Helping millennials cope with loss

Publish Date:: 
Monday, October 24, 2016 - 8:45pm

On October 19, a small group of people gathered to share a meal at Gardener Ranch in Carmel Valley and talk about life after the loss at The Dinner Party. 

The Dinner Party is an organization that creates a space for grieving millennials to connect with each other over a shared meal. The goal of The Dinner Party is “to transform life after loss from an isolating experience into one marked by community support, candid conversation, and forward movement" (from

The event was made possible by a grant from Hospice Giving Foundation.

Following is an interview with Lennon Flowers and Carla Fernandez, co-founders of The Dinner Party.

So how  did you get involved in The Dinner Party?

The Dinner Party started by accident. We’d both just moved to LA, and joined the same start-up within a couple of weeks of one another. We were looking for the same thing everyone looks for when you’re new to a place: Friends.

But we were also acutely aware of needing to hide certain parts of our stories. Carla had lost her dad to brain cancer six months before, and Lennon lost her mom to lung cancer while in college. We feared scaring people away if we happened to casually drop that we’d lost a parent, let alone mention the many ways that experience continued to shape us.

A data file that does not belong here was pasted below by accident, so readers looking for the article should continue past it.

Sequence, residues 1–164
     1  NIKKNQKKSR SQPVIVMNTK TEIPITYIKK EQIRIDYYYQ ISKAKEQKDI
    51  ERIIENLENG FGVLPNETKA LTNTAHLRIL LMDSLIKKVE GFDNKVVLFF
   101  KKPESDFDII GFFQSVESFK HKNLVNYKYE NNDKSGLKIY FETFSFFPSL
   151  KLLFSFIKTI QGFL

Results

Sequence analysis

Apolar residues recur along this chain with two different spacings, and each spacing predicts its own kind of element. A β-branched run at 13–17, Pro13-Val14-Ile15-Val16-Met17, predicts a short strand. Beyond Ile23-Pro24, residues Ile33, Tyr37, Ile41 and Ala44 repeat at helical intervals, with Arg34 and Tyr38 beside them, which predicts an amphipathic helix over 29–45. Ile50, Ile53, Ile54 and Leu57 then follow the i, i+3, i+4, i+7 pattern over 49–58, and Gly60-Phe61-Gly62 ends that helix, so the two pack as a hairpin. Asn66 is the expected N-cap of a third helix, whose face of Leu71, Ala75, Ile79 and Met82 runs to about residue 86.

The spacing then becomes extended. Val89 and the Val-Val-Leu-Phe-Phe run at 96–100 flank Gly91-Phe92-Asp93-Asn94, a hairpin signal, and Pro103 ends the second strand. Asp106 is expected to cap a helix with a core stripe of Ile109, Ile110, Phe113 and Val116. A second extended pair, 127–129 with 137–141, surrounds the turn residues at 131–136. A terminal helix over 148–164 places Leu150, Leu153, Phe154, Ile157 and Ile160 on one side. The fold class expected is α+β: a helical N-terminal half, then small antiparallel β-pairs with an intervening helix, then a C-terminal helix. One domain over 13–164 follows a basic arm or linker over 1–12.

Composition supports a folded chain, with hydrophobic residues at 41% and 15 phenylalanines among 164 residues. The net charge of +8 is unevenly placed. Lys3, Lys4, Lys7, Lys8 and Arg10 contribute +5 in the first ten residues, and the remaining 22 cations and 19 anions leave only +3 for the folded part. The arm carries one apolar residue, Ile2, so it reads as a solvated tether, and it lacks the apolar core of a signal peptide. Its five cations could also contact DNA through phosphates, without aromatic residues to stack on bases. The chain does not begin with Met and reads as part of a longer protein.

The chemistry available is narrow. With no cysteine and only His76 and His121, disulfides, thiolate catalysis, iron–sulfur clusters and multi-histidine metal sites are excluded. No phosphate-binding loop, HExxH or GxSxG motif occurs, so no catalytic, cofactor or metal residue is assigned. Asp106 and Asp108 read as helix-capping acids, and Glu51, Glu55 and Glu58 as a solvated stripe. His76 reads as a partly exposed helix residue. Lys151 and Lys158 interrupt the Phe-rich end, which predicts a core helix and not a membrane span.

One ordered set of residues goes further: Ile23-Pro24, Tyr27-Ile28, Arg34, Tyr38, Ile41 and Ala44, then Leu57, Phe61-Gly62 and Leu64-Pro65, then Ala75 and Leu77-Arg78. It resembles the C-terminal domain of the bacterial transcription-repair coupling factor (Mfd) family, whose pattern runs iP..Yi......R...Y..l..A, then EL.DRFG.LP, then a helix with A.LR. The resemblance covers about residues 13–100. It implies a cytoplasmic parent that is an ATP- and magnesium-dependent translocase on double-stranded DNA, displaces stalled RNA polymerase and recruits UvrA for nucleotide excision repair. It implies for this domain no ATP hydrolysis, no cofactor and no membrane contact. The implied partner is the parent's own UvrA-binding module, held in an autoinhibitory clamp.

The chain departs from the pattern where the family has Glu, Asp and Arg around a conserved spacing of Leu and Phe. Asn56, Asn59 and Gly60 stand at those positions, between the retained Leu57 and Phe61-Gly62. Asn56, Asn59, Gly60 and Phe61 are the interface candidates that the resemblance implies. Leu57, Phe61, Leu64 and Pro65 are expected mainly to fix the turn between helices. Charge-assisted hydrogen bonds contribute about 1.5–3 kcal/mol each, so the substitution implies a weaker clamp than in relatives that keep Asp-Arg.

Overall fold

It took us a few months to even discover we had that in common, and it was immediately this huge source of relief to have someone else to talk about all this stuff with. The problem was that it’s not the sort of thing you want to bring up around the office water cooler; we needed some kind of container. So Carla invited a handful of people who’d all lost parents over for dinner one night. We talked until the wee hours, and all of us became real friends. The rest, so they say, is history.

How long ago was that?

That first dinner happened in the Fall of 2010. As we became more comfortable with our stories, more friends heard about it, and their friends heard about it, and we began to realize that our story was more of a shared story than we thought it was.

Sounds like there was a serious need for something like The Dinner Party. How did you move forward from here?